Another reason to fear a Chinese housing crash: 14% of China’s urban jobs are in real estate

Migrant workers in Beijing.
Migrant workers in Beijing.
Image: AP Photo/Elizabeth Dalziel
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There’s at least one thing in China that’s looking peachy right now: employment. Wages keep rising, and China has steadily more jobs than it has workers to fill.

But that could quickly change. Real-estate investment creates at least 14% of China’s urban jobs (pdf, p.14), says the IMF. As slumping property values drag down investment, tens—or maybe hundreds—of millions of Chinese workers could lose their jobs.

China’s big job engine

The beauty of any housing boom is that it needs lots of workers to build it. That employment fillip has served China’s leaders well. After the 2008 financial crisis threatened mass layoffs, they pushed banks to lend to property developers and infrastructure. It worked; by 2011, construction was creating more than half of new migrant worker jobs, according to Capital Economics.

That’s also part of why, even as China’s GDP growth slowed from 14.2% in 2007 to 7.5% last year, employment opportunities abound.


At least 14% of China’s urban workers…

But the curse of jobs so easily created is that they can be just as easily lost. With home sales falling in many Chinese cities, that may soon happen.

How many jobs are we talking? The IMF attributes 14% of “total urban employment,” which includes both residents and migrant workers, to real-estate investment. That’s roughly 90 million people.

But the IMF also calculates that property investment drives 12.5% of GDP. That’s seems a touch low considering Zhang Zhiwei, an economist at Nomura, puts it at 16%, while Société Générale’s Wei Yao argues the housing sector alone generates 20% of China’s output. If so, the IMF’s employment projection may have undershot too, which would mean tens of millions more jobs are likely at risk.

China’s most vulnerable workers

Beyond sheer numbers, another worry is that those hardest hit would be China’s least skilled, least educated workers, its 269 million-strong “rural migrants” (link in Chinese).

Though most migrants work in cities, under China’s household registration system, or hukou, their birth in the countryside classifies them as ”rural.” That bars most from receiving the superior social services that ”urban” residents get, such as health care or their children’s education, as ChinaFile explains.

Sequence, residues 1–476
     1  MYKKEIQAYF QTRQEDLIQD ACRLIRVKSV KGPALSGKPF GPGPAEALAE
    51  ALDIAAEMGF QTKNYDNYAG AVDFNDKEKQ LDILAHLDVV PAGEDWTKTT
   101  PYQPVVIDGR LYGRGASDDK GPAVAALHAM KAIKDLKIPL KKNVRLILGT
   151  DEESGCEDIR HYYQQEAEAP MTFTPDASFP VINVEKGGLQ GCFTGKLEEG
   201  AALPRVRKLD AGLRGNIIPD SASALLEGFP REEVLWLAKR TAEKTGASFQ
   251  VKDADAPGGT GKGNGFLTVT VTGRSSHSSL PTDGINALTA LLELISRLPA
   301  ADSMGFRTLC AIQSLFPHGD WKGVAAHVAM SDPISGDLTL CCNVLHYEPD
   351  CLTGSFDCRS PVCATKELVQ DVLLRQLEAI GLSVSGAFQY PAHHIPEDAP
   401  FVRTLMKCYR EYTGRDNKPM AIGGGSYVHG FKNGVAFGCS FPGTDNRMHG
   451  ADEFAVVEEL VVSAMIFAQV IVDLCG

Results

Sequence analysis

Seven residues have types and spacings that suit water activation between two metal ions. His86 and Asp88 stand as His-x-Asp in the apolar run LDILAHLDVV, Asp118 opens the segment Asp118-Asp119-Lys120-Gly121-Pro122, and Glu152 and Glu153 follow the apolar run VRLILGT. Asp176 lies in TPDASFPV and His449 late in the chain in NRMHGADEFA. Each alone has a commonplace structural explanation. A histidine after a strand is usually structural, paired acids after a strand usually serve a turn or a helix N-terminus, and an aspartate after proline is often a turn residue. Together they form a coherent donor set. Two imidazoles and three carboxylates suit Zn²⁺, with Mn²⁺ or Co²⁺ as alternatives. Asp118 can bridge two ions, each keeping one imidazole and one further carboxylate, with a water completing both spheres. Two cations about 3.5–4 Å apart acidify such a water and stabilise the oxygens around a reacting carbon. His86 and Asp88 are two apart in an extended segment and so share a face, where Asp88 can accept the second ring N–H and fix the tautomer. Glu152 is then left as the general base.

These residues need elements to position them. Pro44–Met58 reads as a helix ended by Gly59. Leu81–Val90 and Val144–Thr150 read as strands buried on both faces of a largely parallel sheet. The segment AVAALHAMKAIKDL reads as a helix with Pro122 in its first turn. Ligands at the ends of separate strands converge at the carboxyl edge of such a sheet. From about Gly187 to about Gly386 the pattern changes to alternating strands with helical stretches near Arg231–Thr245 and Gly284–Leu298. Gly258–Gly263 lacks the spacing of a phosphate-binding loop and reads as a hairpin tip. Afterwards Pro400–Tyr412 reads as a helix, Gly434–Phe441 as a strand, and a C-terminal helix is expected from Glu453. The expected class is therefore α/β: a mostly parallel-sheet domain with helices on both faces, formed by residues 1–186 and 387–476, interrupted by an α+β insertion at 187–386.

They’re also simply much worse off. Last year, “rural migrant workers” earned an average of 11.7 yuan ($1.88) an hour (link in Chinese). Fewer than 1% owned their own homes.

Image: ChinaFile

Which is why it’s worrisome that these migrants depend heavily on construction for work:


Construction jobs aren’t just in building luxury apartments; they’re also infrastructure gigs. But those too are closely tied to property. Local officials rely on land sales to fund employment-boosting infrastructure projects, an age-old ticket to Communist Party promotion.

Image: Nomura

Falling demand means they’re already struggling to sell new land parcels. If that continues, infrastructure funding will dry up.

Case study: the US housing crash

So how might things play out? At the US housing boom’s 2005 peak residential construction directly supported 5.1% (pdf, p.3) of total employment, or 7.4 million jobs. By 2008, that had withered by more than one-third:

Image: "The US housing bubble and bust: impacts on employment," Kathryn J. Byun

Unfortunately for China, the US’s experience is probably the best-case scenario. Not only is China at least three times more reliant on real-estate investment for jobs, but the government long since exhausted stimulus measures that might help it dodge the effects of a US-style housing crash. China’s also just bigger. It might seem obvious, but 3 million frustrated jobless workers is nowhere near as scary as 30 million.